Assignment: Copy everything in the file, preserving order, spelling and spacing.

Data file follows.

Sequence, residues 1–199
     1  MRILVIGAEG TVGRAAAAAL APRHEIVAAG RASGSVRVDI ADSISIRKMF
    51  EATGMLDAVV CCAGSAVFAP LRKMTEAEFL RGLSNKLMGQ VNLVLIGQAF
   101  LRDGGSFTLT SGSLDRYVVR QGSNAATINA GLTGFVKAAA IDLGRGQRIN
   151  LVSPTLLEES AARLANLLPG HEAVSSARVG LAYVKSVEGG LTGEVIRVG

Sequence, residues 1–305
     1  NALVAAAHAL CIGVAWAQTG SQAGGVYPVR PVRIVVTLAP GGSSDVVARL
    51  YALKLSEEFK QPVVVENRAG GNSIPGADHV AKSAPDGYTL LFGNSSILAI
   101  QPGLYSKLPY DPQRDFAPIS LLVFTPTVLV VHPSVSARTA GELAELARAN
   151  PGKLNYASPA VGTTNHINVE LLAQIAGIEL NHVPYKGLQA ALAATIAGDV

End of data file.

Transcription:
Sequence, residues 1–199
     1  MRILVIGAEG TVGRAAAAAL APRHEIVAAG RASGSVRVDI ADSISIRKMF
    51  EATGMLDAVV CCAGSAVFAP LRKMTEAEFL RGLSNKLMGQ VNLVLIGQAF
   101  LRDGGSFTLT SGSLDRYVVR QGSNAATINA GLTGFVKAAA IDLGRGQRIN
   151  LVSPTLLEES AARLANLLPG HEAVSSARVG LAYVKSVEGG LTGEVIRVG

Sequence, residues 1–305
     1  NALVAAAHAL CIGVAWAQTG SQAGGVYPVR PVRIVVTLAP GGSSDVVARL
    51  YALKLSEEFK QPVVVENRAG GNSIPGADHV AKSAPDGYTL LFGNSSILAI
   101  QPGLYSKLPY DPQRDFAPIS LLVFTPTVLV VHPSVSARTA GELAELARAN
   151  PGKLNYASPA VGTTNHINVE LLAQIAGIEL NHVPYKGLQA ALAATIAGDV